How to use local adjustments in DxO PhotoLab – and get a 15% discount

DxO PhotoLab

DxO PhotoLab takes all the raw processing power and lens correction technology we loved in DxO Optics Pro and adds in local adjustments. With PhotoLab, you don’t just get superb image quality, but the ability to enhance your images at the same time using the full raw data in your files. 

To celebrate, DxO and Digital Camera World are offering a special 15% discount off any DxO product for one week only, from midnight on May 3rd to 23:59 on May 10. To take advantage of this exclusive offer, follow this link to the DxO website and use the promo code DXO-DCA-15-OFF.

To give you an idea of what PhotoLab can do, we’ve picked this image from the archives to demonstrate how PhotoLab’s local adjustments work and what you can achieve with them.

DxO PhotoLab

The original is a bit of a disaster, with a well-exposed sky but a foreground lost in shadow. What about HDR (we hear you say)? HDR tools are fine, but they apply a global effect, whereas what we need is more careful and more natural looking local adjustments.

DxO PhotoLab

And this is the result. We’ve lightened the foreground and brought out all the detail in this beautiful basilica, using all the great shadow detail in our raw file that PhotoLab was able to bring out.

We've used PhotoLab's local adjustments to bring out our subject but still preserve the look and feel of a sunset scene. Here's a step by step walkthrough:

Step 1: Create a graduated filter

You’ll find the Local adjustments button the top toolbar. You click on this to select it and then right-click on the image. This displays a circular gadget offering all the different local adjustment types you can apply. We want the Graduated Filter option. 

Step 2: Position the filter

With that selected, you can drag out the filter gradient on the image. Usually, a graduated filter is used to tone down bright skies, but here we’re using it to lighten a dark foreground. We click to add the start point for the filter, then drag upwards to create the ‘graduated’ transition. Initially, PhotoLab shows the filter as a blue mask so that we can see what we’re doing.

Step 3: Make adjustments

When you click on the gradient filter’s button you see a set of sliders to the side for making adjustments. These are split into three tabs in PhotoLab 2, but we just need the first one, pushing the Exposure slider up to reveal some detail and colour in the foreground. We’re not trying to make it like daylight, just less dark.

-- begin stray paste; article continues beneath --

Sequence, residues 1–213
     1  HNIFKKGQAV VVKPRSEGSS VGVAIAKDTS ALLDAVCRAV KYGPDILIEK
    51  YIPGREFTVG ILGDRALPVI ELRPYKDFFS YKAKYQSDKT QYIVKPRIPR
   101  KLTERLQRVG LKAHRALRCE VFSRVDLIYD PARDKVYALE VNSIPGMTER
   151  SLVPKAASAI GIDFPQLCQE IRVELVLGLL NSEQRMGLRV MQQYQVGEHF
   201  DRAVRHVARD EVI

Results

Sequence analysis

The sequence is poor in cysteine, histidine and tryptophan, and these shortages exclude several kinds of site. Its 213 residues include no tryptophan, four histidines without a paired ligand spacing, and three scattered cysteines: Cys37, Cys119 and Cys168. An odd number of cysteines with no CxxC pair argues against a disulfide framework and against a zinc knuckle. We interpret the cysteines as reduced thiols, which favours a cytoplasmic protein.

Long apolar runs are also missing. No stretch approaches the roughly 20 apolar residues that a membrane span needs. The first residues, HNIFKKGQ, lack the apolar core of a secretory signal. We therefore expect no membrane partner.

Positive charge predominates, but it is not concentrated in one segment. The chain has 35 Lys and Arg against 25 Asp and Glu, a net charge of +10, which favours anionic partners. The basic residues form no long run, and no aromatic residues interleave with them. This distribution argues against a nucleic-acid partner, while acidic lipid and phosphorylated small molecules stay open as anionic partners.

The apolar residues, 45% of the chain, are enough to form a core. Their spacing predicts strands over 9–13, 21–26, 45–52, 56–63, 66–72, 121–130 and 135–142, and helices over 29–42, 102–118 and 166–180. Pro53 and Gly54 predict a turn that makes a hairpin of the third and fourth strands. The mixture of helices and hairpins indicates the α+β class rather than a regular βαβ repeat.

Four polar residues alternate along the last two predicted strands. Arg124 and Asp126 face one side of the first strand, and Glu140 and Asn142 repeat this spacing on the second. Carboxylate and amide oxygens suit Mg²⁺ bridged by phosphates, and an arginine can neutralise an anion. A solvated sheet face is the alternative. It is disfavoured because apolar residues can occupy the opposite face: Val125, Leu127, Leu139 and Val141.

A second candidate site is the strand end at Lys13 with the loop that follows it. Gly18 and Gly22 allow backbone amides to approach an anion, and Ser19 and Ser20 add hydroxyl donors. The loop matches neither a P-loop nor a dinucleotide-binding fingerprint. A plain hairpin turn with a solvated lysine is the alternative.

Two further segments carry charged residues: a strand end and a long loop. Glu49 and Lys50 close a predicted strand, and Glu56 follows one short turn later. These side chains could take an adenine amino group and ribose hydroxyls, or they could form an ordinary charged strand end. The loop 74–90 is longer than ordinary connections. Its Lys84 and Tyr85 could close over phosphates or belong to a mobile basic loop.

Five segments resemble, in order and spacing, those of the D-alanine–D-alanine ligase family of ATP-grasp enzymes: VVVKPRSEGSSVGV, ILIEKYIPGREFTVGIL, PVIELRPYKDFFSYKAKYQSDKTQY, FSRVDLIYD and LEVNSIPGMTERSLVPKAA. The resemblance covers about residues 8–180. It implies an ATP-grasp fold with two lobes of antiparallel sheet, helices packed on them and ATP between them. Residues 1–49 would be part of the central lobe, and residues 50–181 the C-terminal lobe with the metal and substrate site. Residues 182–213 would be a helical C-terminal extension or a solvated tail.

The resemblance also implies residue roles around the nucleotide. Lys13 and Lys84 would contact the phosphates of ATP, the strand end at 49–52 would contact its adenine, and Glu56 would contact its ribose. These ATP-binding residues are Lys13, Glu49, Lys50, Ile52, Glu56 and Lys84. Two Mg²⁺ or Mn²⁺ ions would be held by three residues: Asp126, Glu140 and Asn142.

Step 4: Create a control point

DxO PhotoLab

This doesn’t solve our problem with the basilica. For this we need a different sort of local adjustment – a control point. These clever gadgets create their own automatic mask based on the tones and colours of the point where you place them.

Step 5: Make your adjustments

DxO PhotoLab

So here we’ve placed a control point in the middle of the building, then increased the Exposure, Contrast and Microcontrast settings to really bring out the detail. You can make the circular mask larger or smaller by dragging on its edge. Making it too large could make the adjustment start to spill out into the sky; too small and it won’t reach the edges of the building.

Step 6: Add more control points if you need to

This building is not circular, so we need another control point further down to keep the lighting even. This is the clever part. If you click somewhere else with the first control point still selected, PhotoLab will copy the settings of the first one and keep them linked, so any further adjustments you make will apply to both.

Step 7: Check your lighting

When you add a number of local adjustments you may need to double-check that the overall effect is even and attractive, and for this it’s often helpful to show the left side panel and PhotoLab’s Move/Zoom window, which will give you a small-scale view of the picture. This is often better for judging lighting than the full-size main image.

Step 8: Add any final tweaks

After your adjustments you might want to make a couple of overall adjustments to the picture’s tone and colour. To do this, use PhotoLab’s editing tools on the right side of the screen. We’ve given our picture a slightly warmer white balance and a slight curve adjustment to boost the overall contrast.

Read more:

• The best photo editing software you can get right now
• The best photography tips: 147 techniques, tips and tricks

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Rod Lawton

Rod is an independent photography journalist and editor, and a long-standing Digital Camera World contributor, having previously worked as DCW's Group Reviews editor. Before that he has been technique editor on N-Photo, Head of Testing for the photography division and Camera Channel editor on TechRadar, as well as contributing to many other publications. He has been writing about photography technique, photo editing and digital cameras since they first appeared, and before that began his career writing about film photography. He has used and reviewed practically every interchangeable lens camera launched in the past 20 years, from entry-level DSLRs to medium format cameras, together with lenses, tripods, gimbals, light meters, camera bags and more. Rod has his own camera gear blog at but also writes about photo-editing applications and techniques at